Origin of isolated vertigo in rotational vertebral artery syndrome.
Summary of "Origin of isolated vertigo in rotational vertebral artery syndrome."
Rotational vertebral artery syndrome (RVAS) is characterized by recurrent attacks of paroxysmal vertigo, nystagmus, and ataxia induced by head rotation. Although recent report has described the RVAS as an important but unrecognized cause of isolated vascular vertigo, the locus of injury site responsible for isolated vertigo in RVAS is still unclear. We report here two patients with RVAS who had a stereotypic clinical presentation characterized by recurrent attacks of isolated vertigo induced by head rotation. The pattern of nystagmus observed in our patients with RVAS can be best explained by the stimulation of the vestibular labyrinth bilaterally or unilaterally. In RVAS, the isolated vertigo may occur due to transient ischemia of the superior vestibular labyrinth. RAVS should be considered in the differential diagnosis of positional vertigo, especially when vertigo is developed while sitting or standing position.
Department of Neurology, Keimyung University School of Medicine, 194 Dongsan dong, Daegu, 700-712, South Korea.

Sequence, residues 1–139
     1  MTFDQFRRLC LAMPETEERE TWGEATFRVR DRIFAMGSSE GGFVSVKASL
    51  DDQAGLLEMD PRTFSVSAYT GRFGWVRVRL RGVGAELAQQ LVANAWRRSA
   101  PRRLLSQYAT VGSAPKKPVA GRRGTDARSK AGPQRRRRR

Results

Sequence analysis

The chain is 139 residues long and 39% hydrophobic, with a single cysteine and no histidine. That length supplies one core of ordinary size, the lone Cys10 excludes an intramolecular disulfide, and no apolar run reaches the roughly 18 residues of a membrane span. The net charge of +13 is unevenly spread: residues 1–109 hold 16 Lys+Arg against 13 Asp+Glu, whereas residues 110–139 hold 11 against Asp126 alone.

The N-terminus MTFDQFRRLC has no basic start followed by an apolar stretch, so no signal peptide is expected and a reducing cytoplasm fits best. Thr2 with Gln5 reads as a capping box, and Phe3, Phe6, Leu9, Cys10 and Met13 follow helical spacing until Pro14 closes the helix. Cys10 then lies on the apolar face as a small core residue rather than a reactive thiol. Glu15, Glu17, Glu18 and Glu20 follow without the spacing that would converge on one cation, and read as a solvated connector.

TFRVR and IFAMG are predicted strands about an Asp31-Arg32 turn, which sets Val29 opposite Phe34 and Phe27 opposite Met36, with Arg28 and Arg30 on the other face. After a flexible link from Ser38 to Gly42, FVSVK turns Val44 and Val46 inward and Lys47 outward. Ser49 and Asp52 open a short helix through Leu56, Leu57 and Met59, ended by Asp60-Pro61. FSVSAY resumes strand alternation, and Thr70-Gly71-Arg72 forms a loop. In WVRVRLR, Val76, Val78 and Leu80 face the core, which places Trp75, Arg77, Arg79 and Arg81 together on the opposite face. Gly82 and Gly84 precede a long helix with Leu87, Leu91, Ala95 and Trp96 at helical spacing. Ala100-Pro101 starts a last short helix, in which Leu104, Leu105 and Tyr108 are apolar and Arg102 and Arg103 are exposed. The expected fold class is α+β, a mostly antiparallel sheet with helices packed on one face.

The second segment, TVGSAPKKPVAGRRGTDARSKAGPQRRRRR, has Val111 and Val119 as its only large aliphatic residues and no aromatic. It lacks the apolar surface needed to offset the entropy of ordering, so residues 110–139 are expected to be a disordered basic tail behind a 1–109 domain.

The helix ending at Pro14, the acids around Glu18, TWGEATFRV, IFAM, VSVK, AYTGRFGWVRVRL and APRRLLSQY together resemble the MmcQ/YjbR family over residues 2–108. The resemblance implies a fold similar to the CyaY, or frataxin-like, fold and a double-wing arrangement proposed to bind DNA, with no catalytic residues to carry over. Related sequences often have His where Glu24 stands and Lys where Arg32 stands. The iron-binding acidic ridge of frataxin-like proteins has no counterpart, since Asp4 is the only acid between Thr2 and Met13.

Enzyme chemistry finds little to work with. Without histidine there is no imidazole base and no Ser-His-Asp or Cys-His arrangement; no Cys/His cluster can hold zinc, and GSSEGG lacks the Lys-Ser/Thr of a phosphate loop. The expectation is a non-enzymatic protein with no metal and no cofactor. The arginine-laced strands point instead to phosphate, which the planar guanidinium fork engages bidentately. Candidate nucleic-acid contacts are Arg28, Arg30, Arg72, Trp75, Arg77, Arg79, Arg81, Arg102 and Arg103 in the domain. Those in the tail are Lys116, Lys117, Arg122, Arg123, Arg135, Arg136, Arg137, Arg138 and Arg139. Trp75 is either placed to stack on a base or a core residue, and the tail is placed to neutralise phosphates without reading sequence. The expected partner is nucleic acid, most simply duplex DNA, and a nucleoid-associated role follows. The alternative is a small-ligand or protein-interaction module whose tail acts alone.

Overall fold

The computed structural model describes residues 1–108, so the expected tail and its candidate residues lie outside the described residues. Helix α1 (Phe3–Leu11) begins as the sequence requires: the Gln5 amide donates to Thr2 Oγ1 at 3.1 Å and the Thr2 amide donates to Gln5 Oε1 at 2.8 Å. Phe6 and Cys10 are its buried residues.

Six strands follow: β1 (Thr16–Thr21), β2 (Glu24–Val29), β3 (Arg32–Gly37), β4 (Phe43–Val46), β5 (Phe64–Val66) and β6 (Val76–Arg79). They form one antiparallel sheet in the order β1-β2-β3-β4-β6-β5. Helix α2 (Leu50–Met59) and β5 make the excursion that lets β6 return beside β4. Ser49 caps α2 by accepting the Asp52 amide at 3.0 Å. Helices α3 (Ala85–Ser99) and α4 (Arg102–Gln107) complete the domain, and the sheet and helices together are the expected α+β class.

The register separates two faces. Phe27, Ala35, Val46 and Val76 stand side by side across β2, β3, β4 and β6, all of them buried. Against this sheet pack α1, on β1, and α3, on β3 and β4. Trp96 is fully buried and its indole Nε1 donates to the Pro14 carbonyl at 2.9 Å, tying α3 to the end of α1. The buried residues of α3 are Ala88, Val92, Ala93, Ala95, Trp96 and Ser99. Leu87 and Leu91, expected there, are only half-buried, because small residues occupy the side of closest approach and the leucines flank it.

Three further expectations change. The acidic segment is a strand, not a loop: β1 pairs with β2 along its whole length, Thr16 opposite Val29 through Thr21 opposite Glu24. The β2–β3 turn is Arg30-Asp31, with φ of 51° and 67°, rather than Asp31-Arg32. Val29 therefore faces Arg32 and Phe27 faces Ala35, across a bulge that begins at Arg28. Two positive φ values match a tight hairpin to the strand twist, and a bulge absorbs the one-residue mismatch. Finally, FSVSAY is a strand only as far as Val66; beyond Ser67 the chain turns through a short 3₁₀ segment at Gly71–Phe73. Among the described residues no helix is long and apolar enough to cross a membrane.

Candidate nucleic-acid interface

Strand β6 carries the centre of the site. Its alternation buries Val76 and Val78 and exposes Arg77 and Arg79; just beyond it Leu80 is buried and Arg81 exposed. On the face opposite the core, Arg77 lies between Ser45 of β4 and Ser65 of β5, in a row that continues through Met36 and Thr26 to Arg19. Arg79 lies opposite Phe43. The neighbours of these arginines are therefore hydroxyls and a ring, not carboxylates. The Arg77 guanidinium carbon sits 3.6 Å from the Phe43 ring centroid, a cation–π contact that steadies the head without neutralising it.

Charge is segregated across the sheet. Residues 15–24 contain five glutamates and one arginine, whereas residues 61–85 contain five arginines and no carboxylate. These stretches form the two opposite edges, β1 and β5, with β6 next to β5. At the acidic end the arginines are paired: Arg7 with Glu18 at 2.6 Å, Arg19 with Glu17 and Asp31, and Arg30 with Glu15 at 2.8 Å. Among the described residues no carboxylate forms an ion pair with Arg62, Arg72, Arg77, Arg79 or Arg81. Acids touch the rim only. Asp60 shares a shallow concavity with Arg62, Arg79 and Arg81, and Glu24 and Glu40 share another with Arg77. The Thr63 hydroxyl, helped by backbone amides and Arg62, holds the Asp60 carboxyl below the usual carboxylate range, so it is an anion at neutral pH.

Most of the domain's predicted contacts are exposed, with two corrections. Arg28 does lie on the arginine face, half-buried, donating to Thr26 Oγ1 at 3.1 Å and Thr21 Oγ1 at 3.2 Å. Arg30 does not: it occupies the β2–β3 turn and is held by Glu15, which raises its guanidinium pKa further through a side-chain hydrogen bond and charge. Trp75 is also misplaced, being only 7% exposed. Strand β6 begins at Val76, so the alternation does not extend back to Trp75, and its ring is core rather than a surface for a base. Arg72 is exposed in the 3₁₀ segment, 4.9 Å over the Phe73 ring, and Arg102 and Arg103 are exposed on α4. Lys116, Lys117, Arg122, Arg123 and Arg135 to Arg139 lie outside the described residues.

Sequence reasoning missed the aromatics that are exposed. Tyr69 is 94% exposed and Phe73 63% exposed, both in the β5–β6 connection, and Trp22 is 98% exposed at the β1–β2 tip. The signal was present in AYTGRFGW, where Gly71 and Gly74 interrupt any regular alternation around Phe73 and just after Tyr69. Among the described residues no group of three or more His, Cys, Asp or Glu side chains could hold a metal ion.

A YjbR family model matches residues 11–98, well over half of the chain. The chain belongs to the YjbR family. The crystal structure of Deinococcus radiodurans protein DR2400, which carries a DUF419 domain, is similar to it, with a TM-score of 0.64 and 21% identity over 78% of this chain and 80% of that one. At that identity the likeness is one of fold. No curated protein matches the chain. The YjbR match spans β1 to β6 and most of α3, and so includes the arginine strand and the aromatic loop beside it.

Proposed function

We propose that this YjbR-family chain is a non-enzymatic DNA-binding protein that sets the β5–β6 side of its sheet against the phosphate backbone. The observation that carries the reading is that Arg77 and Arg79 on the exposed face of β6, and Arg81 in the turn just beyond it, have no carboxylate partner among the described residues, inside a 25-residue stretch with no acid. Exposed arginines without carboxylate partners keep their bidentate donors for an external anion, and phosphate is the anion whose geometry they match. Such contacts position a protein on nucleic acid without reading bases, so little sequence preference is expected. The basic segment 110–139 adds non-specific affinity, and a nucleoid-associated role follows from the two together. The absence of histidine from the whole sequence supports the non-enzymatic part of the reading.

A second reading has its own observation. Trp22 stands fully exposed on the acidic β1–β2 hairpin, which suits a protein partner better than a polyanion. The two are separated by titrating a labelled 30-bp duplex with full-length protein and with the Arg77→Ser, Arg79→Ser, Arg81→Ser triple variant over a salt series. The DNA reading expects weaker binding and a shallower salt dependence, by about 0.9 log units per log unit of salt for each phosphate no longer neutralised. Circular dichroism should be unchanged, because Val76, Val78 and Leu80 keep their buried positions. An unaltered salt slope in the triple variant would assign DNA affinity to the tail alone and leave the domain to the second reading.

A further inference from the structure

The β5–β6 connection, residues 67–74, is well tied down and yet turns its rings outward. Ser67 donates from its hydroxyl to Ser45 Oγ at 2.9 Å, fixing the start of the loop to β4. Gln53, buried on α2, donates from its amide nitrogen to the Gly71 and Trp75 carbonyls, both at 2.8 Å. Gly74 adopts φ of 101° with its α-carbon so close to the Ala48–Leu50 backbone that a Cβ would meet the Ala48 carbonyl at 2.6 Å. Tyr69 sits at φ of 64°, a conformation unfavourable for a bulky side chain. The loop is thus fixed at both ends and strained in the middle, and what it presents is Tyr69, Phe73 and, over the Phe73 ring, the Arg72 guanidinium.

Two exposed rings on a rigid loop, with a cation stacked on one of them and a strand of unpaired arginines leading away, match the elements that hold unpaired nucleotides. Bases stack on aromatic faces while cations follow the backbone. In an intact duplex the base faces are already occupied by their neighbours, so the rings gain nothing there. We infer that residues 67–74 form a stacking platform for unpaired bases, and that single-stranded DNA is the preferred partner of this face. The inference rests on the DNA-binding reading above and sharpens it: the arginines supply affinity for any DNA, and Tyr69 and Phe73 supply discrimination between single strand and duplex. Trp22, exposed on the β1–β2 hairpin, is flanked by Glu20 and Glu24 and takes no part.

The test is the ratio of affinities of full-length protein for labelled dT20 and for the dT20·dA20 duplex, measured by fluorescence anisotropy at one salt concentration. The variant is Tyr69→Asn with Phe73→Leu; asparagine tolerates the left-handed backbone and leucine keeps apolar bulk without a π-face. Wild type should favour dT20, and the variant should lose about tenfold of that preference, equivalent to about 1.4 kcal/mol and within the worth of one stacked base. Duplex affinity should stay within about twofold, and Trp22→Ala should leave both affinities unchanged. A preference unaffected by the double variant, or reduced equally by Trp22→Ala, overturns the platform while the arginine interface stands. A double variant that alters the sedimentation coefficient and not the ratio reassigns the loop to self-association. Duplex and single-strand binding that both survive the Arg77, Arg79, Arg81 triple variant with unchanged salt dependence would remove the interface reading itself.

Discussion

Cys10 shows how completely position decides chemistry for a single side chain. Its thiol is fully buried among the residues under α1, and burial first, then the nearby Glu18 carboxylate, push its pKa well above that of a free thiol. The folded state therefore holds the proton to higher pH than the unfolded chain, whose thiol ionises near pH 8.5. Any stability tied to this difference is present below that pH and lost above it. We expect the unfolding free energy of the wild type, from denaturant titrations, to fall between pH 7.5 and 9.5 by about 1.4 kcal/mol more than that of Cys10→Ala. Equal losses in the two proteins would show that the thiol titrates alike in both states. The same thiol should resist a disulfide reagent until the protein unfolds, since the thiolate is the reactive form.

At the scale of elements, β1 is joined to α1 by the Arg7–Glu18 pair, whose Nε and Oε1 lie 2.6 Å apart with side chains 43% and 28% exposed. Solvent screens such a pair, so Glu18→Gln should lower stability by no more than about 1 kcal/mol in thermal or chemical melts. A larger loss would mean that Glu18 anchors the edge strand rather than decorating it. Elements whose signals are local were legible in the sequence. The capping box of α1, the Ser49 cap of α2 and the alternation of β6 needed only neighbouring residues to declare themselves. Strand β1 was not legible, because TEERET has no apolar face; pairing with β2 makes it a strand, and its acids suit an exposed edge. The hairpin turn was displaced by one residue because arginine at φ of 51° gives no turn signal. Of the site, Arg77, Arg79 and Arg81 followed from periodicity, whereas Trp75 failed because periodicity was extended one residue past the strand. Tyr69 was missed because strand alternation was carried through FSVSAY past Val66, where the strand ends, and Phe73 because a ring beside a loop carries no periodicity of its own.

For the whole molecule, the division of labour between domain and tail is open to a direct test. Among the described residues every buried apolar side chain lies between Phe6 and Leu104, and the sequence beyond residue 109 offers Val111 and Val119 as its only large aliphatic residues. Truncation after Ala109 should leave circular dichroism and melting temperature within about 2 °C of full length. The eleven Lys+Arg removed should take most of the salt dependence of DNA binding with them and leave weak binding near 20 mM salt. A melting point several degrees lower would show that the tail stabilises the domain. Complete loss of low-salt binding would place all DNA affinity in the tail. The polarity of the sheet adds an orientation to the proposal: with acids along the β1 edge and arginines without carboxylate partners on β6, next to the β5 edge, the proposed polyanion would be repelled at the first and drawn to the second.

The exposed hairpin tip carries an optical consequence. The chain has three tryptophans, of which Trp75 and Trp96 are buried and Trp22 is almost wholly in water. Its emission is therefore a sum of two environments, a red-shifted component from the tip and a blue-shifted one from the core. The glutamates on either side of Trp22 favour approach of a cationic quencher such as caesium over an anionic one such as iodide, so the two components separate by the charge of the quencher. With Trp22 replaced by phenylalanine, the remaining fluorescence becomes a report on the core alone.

This article was published in the following journal.
- PubMed Source: http://www.ncbi.nlm.nih.gov/pubmed/21710126
- DOI: http://dx.doi.org/10.1007/s10072-011-0667-4
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Medical and Biotech [MESH] Definitions
Splitting of the vessel wall in the VERTEBRAL ARTERY. Interstitial hemorrhage into the media of the vessel wall can lead to occlusion of the vertebral artery, aneurysm formation, or THROMBOEMBOLISM. Vertebral artery dissection is often associated with TRAUMA and injuries to the head-neck region but can occur spontaneously.
INFARCTION of the dorsolateral aspect of MEDULLA OBLONGATA in the BRAIN STEM. It is caused by occlusion of the VERTEBRAL ARTERY and/or the posterior inferior cerebellar artery. Clinical manifestations vary with the size of infarction, but may include loss of pain and temperature sensation in the ipsilateral face and contralateral body below the chin; ipsilateral HORNER SYNDROME; ipsilateral ATAXIA; DYSARTHRIA; VERTIGO; nausea, hiccup; dysphagia; and VOCAL CORD PARALYSIS. (From Adams et al., Principles of Neurology, 6th ed, p801)
A clinically significant reduction in blood supply to the BRAIN STEM and CEREBELLUM (i.e., VERTEBROBASILAR INSUFFICIENCY) resulting from reversal of blood flow through the VERTEBRAL ARTERY from occlusion or stenosis of the proximal subclavian or brachiocephalic artery. Common symptoms include VERTIGO; SYNCOPE; and INTERMITTENT CLAUDICATION of the involved upper extremity. Subclavian steal may also occur in asymptomatic individuals. (From J Cardiovasc Surg 1994;35(1):11-4; Acta Neurol Scand 1994;90(3):174-8)
A rare disorder consisting of microangiopathy of brain, retina, and inner ear ARTERIOLES. It is characterized by the clinical triad of encephalopathy, BRANCH RETINAL ARTERY OCCLUSION and VERTIGO/hearing loss.
The first branch of the SUBCLAVIAN ARTERY with distribution to muscles of the NECK; VERTEBRAE; SPINAL CORD; CEREBELLUM; and interior of the CEREBRUM.